The Queensland Liberal National Party opposition has introduced a bill to penalise protesters with hefty fines and lengthy prison sentences. It wants to intimidate activists and undermine the right to protest. 

The proposed laws would result in protesters being fined as much as $390,000 and jailed for up to 10 years for demonstrating on private property or holding events that affect “transport infrastructure”. 

The bill targets organised civil disobedience, with the maximum penalty applying not only to protest participants but all members of the organisation(s) involved. 

The LNP member responsible for the bill, Dale Last, described it as necessary to tackle the “growing trend of activism in Queensland”. Significant and growing protests like those against the Adani coal mine, for Indigenous rights and against climate change have put politicians and the mining industry on the back foot. 

This bill is an attempt to intimidate anyone wanting to stand up against the agenda of the LNP and Labor Party.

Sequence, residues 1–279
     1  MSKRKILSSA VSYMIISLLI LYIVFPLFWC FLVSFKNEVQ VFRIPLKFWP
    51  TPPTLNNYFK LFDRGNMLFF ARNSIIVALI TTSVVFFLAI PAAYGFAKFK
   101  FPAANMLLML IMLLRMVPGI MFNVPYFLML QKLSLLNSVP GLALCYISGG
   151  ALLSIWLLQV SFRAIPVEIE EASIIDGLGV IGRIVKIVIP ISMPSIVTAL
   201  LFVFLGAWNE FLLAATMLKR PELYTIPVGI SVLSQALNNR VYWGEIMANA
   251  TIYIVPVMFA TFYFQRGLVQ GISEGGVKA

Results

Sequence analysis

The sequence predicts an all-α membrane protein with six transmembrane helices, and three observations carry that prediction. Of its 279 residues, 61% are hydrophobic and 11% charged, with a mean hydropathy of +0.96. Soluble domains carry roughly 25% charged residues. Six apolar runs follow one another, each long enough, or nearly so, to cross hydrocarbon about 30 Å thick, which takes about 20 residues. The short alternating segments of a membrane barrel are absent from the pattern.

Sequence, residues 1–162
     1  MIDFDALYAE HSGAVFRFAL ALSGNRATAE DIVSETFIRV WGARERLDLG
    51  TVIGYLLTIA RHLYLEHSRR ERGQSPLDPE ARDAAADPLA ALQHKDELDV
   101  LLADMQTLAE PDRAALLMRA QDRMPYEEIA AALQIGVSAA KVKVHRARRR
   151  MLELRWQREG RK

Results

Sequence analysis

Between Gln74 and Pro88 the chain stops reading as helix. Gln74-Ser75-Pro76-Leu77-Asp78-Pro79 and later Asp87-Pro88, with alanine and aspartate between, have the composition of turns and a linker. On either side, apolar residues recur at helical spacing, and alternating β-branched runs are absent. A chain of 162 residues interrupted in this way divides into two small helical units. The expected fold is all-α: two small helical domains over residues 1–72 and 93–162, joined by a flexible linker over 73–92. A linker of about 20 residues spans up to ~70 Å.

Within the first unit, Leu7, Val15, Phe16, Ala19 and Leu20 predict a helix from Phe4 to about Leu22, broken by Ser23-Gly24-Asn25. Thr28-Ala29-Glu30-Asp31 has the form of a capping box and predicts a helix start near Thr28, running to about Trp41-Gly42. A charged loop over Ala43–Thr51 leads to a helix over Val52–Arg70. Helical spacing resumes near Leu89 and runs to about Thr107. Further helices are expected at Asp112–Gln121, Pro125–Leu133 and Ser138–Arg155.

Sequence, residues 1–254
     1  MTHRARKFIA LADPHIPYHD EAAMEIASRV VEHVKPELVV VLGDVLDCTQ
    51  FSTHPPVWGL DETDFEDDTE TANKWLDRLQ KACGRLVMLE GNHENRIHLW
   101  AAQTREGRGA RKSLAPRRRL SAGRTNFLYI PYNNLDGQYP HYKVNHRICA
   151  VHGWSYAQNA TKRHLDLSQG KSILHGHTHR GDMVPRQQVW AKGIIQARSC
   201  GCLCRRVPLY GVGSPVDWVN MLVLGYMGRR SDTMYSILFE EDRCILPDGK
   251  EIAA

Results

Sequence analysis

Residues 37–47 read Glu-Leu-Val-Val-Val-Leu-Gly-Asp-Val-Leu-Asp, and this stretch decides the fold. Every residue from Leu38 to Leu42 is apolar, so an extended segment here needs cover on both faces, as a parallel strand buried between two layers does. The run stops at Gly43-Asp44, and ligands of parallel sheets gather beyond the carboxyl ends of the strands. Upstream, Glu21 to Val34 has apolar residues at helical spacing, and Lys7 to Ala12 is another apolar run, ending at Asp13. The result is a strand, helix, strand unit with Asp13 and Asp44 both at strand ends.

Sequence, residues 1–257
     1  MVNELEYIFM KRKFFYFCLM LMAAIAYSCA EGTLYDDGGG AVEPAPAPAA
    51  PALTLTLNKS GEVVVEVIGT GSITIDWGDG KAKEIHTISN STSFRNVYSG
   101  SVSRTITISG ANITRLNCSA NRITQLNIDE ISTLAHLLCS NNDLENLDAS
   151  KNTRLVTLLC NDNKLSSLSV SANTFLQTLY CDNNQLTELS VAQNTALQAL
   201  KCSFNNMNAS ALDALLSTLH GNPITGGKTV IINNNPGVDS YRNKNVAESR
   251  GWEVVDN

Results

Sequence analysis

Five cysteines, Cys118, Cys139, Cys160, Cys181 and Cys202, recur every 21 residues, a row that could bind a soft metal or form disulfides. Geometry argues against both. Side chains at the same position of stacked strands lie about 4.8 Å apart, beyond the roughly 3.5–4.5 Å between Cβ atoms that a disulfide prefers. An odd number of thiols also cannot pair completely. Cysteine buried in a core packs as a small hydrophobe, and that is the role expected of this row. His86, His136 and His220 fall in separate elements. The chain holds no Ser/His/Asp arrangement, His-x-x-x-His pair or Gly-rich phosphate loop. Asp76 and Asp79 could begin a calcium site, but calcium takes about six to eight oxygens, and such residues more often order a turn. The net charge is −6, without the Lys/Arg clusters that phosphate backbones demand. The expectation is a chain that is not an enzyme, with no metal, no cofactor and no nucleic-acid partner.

The LNP has form. The party’s predecessor, the Country-Liberal Party coalition under premier Joh Bjelke-Petersen, was responsible for massive attacks on civil rights during its 19 years in office from 1968 to 1987. Joh’s government smashed unions, trampled on Indigenous rights and gutted public services. Those attacks were made possible by suppressing freedom of speech and the right to protest.

The Queensland Resources Council, which has been feeling the heat from recent climate change protests, has backed the laws, indicating it “fully supports” the crackdown on “militant activism”. 

The Labor state government has not been far behind. In response to protests against animal cruelty, it changed regulations to allow police to impose on-the-spot fines of $652 for protesters deemed to be a threat to “biosecurity”. 

The LNP bill, currently before a parliamentary committee, should be opposed by all those who value civil liberties. Civil disobedience must continue, even if it means defying anti-protest laws.